We should also pray whenever we hear of problems among the saints. We should not presume that we are experienced and qualified to solve problems. Such an attitude is not only presumptuous; it is also blasphemous, for it is to consider ourselves as God. If we learn about a problem between brothers, we should bring this matter to the Lord in our prayer.

The first thing the elders should do in caring for the church is pray. Do not make decisions without praying. Do not either criticize someone or praise him without first praying for him. Before doing anything, we need to pray. Furthermore, our prayers should not be light or superficial; they must be thorough. Only after we have prayed for a matter thoroughly should we make a decision concerning it, not by ourselves independently, but in oneness with the Lord and according to His leading. If the elders practice in this way the church life in our locality will be uplifted and proper.

Brother Nee often told us that in reading the Bible we need to touch the spirit of the writer. The Bible in black and white letters can be likened to a human body, and the writer’s spirit can be likened to the life, or to the spirit, in the body. Within the “body” of the Bible, there is the writer’s spirit. If we touch Paul’s spirit in 2:1-7, we shall sense his burden that those who take the lead in the church life must have a prayer life. In these verses Paul seems to be telling Timothy, “I have shown you a clear picture of God’s economy and how it is versus different teachings. I have also pointed out to you that, in His mercy, the Lord has made me a pattern of His economy. I have also charged you solemnly to war the good warfare on behalf of God’s economy. Now deep in my spirit is the burden to exhort you to pray. I exhort that petitions, prayers, intercessions, thanksgivings be made on behalf of all men. Do not think that teaching comes before prayer. No, prayer must be first, and teaching, second.”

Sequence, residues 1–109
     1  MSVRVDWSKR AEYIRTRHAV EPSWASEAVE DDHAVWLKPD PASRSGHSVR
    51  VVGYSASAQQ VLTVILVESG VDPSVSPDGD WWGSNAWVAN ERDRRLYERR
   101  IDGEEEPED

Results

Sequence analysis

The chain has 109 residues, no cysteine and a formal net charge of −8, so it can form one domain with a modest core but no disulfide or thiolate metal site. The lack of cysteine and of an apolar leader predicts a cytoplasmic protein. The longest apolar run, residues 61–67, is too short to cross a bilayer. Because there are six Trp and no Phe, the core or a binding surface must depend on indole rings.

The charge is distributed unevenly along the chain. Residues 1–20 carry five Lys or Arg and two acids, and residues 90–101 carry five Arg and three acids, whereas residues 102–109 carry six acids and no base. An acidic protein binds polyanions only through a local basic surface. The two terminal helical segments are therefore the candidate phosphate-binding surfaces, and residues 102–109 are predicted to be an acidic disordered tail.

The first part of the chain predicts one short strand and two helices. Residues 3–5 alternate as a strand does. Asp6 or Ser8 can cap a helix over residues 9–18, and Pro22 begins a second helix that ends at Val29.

In 2:1 Paul mentions petitions, prayers, intercessions, and thanksgivings. Prayer is general, with the essence of worship and fellowship. Petitions are special and are for particular needs. The Greek word rendered “intercessions” means approach to God in a personal and confiding manner, that is, intervening, interfering, before God in others’ affairs for their benefit. In addition, we must offer thanksgiving. Often when we hear good news about certain churches, elders, or saints, we praise them instead of giving thanks to God for them. If the situation in a certain church is good, it is because of God, not because of the church. Likewise, if a particular elder or saint is doing well, it also is because of God’s grace. Therefore, instead of praising a church or a person, we should give thanks to God.

In mentioning petitions, prayers, intercessions, and thanksgivings, Paul’s spirit was very burdened concerning the importance of prayer. He wanted his dear spiritual children to pray. Again and again I would emphasize the fact that we can have a proper church life only if we have a prayer life. I can testify that I have never prayed more than I have during the past several years. I can also testify that I have seen definite answers to my prayers. Recently, my activity was limited for a time so that I could rest and care for my health. When I heard about certain needs, I prayed for them. Perhaps the Lord limited me that He might impress me with the fact that prayer is more important than work. May we all learn the lesson that the way to have a good church life is to pray. This is crucial. If our talking is turned into praying, the church in our locality will be transformed.